Report Examines Ottawa's City Council Voting Behaviour
- Manning Centre's "Council Tracker" report examines 982 motions between 2014-2016, provides interesting data on council activities
The Manning Centre released a "Council Tracker" report today that analyzes Ottawa City Council’s voting records and council activities between November 2014 and June 2016. The in-depth study allows for comparison with previously released analysis by the Manning Centre on the previous council (2010-2014).
Highlights from the report include:
- Council attendance remains very high overall, with an average of 97.7%, up from 96% in the previous council term.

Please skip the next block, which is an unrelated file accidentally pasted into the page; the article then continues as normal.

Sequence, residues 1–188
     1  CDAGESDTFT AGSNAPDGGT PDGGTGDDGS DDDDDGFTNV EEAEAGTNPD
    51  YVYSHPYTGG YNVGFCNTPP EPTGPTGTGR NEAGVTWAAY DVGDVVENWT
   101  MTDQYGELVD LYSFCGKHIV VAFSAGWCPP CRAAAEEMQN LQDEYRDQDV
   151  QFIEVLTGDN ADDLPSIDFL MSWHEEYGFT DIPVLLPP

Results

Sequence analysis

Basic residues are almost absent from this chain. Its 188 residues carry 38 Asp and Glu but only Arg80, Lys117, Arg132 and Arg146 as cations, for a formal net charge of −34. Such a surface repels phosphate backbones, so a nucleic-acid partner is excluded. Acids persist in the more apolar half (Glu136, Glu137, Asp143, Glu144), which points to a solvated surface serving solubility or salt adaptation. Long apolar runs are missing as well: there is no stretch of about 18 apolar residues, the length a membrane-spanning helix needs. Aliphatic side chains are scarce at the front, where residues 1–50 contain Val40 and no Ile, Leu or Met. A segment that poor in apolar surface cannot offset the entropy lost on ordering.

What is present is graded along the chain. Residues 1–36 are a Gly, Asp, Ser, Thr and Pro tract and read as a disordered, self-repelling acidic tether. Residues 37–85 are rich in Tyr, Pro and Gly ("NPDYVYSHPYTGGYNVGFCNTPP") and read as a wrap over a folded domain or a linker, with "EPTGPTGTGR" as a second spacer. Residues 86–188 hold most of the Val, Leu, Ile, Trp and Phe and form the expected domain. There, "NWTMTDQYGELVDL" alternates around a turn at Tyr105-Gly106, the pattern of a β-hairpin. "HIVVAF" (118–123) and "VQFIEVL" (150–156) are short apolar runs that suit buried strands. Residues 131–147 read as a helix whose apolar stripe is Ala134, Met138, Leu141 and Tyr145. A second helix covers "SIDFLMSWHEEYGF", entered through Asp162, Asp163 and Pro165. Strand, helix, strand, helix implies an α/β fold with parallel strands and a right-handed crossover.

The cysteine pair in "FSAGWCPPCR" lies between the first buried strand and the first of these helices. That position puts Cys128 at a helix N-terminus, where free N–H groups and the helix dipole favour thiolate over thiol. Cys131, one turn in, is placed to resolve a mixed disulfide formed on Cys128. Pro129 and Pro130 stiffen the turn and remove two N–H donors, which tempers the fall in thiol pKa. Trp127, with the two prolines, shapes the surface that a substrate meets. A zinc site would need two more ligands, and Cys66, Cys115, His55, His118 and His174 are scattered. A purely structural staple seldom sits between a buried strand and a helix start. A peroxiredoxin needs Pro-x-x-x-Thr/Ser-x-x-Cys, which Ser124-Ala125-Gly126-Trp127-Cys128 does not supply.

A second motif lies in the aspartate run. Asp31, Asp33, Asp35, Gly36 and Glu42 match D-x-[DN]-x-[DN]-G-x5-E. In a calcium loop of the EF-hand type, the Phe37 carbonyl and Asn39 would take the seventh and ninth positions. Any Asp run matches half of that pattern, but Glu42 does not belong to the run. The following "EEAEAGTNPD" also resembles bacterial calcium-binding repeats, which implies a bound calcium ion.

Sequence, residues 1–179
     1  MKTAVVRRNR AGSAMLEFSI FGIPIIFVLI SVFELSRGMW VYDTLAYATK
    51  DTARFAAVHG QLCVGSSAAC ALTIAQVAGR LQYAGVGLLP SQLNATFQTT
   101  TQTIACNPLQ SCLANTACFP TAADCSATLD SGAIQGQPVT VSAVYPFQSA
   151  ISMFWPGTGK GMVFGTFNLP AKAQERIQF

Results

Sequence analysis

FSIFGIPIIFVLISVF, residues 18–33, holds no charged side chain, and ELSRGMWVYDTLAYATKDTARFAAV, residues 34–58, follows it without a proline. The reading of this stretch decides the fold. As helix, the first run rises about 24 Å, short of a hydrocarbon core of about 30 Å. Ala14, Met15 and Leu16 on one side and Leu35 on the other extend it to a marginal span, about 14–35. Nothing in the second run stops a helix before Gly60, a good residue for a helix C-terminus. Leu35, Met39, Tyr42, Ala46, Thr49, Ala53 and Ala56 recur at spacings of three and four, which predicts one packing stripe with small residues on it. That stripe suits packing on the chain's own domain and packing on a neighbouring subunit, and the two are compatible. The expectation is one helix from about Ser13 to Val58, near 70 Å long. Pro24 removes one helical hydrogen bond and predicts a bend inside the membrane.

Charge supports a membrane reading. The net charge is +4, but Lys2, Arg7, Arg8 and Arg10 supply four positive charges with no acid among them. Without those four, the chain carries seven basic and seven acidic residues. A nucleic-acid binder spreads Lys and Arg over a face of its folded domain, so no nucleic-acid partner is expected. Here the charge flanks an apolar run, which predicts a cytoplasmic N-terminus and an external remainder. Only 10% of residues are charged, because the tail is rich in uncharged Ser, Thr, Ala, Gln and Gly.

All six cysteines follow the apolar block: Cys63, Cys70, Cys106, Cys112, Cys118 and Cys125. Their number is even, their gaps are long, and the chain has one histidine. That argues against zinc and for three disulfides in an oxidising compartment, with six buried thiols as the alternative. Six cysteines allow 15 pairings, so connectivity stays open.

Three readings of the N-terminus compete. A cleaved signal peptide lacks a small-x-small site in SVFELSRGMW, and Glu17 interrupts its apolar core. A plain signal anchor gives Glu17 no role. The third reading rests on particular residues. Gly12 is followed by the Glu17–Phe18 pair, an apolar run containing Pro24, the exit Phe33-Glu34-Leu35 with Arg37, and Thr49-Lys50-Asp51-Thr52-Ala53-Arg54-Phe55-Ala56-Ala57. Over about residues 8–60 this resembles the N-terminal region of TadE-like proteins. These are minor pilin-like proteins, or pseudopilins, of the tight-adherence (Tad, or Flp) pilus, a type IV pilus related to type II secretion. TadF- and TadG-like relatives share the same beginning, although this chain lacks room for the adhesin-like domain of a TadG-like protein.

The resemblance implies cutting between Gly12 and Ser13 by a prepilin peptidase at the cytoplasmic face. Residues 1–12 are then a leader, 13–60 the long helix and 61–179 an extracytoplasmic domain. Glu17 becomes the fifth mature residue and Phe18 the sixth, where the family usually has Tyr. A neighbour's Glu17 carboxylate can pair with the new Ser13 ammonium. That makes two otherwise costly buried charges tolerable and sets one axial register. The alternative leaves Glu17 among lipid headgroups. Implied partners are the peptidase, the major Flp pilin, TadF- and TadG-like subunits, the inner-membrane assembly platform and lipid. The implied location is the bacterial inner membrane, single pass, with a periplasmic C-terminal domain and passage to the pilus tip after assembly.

- Like last term, the vast majority of votes easily pass in Council, implying that any policy disagreement usually happens behind the scenes, in committee, or otherwise before the meeting.
- Contentious votes are more likely to pass (66%) than to be defeated (34%). This is the opposite of the previous term, where these type of votes were more likely to be defeated (56%) than to succeed (44%).
- While still part of a core coalition, Mayor Watson’s win-rate is much lower now than during the previous term (80.4% vs. 94.1%).
“It’s difficult for the public to stay abreast of all council activities throughout the year,” said Peter McCaffrey, Director of Research at the Manning Centre. “Our Council Tracker reports provides summary information, so that people can check in on council attendance, see how often council is spending time in secret and learn who is most likely to oppose motions at city hall.”
To view the Council Tracker Midterm Report for Ottawa (2014-2016) – click here.